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Thread: Bully sticks - bad for our dogs?!

  1. #1
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    Default Bully sticks - bad for our dogs?!

    One of my dearest friends just welcomed a sweet little frenchie into her home. I told her about Lady's love for curly bully sticks and how, as far as I knew, they were relatively safe as long as you take it from them when there's only a few inches left.

    Her sweet pup had an upset stomach yesterday so she ran him to the vet. They asked what he'd been snacking on or eating, to which she answered bully sticks of course. The vet told her to never give bully sticks because they are bull penis (which I already knew) and are linked to salmonella poisoning in dogs. This baffled me. This is the first I've heard of this complaint. Anyone familiar with this? My poor Lady is dying for a bully stick, but now I'm afraid to buy her one.
    {Lady} {ruby Cavalier, 1 yr.}

    {Ray} {wild man kitty}
    {Jane} {Siamese princess kitty}

  2. #2
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    Never heard that one before. I wonder what your friends vet would think about feeding RAW chicken backs (its a joke) I'm sure there is some risk but Fletcher is enjoying a bully stick right now.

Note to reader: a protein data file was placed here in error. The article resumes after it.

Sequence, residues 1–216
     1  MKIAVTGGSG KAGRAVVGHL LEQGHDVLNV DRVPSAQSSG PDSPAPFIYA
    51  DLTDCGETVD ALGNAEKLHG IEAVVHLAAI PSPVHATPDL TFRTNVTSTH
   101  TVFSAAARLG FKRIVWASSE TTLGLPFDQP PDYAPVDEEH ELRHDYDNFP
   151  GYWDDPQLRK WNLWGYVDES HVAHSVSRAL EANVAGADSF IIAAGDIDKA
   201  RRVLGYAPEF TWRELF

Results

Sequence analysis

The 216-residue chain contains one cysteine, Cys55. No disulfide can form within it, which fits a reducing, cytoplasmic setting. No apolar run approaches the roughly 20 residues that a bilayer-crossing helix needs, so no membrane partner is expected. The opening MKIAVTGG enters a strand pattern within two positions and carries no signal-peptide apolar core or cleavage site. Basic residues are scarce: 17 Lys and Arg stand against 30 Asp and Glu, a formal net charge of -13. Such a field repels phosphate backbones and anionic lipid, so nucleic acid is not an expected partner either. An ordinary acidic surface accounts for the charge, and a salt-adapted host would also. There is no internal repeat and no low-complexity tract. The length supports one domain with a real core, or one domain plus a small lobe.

Melissa
    "If you don't own a dog, at least one, there is not necessarily anything wrong with you, but there may be something wrong with your life."
    -Roger Caras

  3. #3
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    Most vets seem to be brainwashed to think any natural food is dangerous. All vets I've come across are against all types of raw and wet foods - so when it comes to that area of things I like to do my own research. (my vet sent me to a list of "approved" dental foods/aids, there were like 10 things on the list and they were all highly processed and of questionable brands). Also, as far as I know the risk to salmonella is more to humans than to dogs.

    If they eat too much of anything, or if it's a new food, or if they have a sensitive stomach - stomachs get upset, it happens. You can buy different brands though some are made in a more natural process than others (i.e. organic no chemicals, etc.). I also stay away from products made in China or really anywhere outside of Canada and US.

    ps. besides the raw food thing, I think my vet is great!
    Courtney
    Lady (1.5 year old tricolour) & Gracie (4 year old blenheim)
    "Happiness is a warm puppy" - Charles M. Schulz

  4. #4
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    I've never heard that. It could also be she just came into the house and is still getting used to things, ate more of the bully stick than her tummy could handle, etc. There is also no reason to run a dog to the vet immediately upon an upset stomach. If it continues, obviously yes, but not right away upon an upset stomach.
    Luke puked on my comforter the other night. I just washed it, and he is fine.
    I haven't gotten bully sticks in a while, but I just get stuff that was made in the USA or Canada. I also give an occasional chicken wing if I happen to pick some up on sale, but I really don't mention that to the vet. Dogs can get salmonella and transmit it to humans though.

  5. #5